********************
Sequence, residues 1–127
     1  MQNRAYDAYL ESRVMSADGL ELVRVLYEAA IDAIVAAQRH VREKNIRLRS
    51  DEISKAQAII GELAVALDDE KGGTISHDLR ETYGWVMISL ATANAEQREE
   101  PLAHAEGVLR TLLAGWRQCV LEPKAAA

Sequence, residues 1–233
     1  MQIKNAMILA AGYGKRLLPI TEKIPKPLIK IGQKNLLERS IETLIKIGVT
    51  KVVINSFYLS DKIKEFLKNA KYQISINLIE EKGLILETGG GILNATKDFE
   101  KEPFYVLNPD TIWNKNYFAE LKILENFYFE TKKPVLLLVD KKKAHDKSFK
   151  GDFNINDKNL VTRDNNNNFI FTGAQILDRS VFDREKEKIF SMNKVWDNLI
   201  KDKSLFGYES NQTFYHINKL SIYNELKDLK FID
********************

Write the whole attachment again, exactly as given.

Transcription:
Sequence, residues 1–127
     1  MQNRAYDAYL ESRVMSADGL ELVRVLYEAA IDAIVAAQRH VREKNIRLRS
    51  DEISKAQAII GELAVALDDE KGGTISHDLR ETYGWVMISL ATANAEQREE
   101  PLAHAEGVLR TLLAGWRQCV LEPKAAA

Sequence, residues 1–233
     1  MQIKNAMILA AGYGKRLLPI TEKIPKPLIK IGQKNLLERS IETLIKIGVT
    51  KVVINSFYLS DKIKEFLKNA KYQISINLIE EKGLILETGG GILNATKDFE
   101  KEPFYVLNPD TIWNKNYFAE LKILENFYFE TKKPVLLLVD KKKAHDKSFK
   151  GDFNINDKNL VTRDNNNNFI FTGAQILDRS VFDREKEKIF SMNKVWDNLI
   201  KDKSLFGYES NQTFYHINKL SIYNELKDLK FID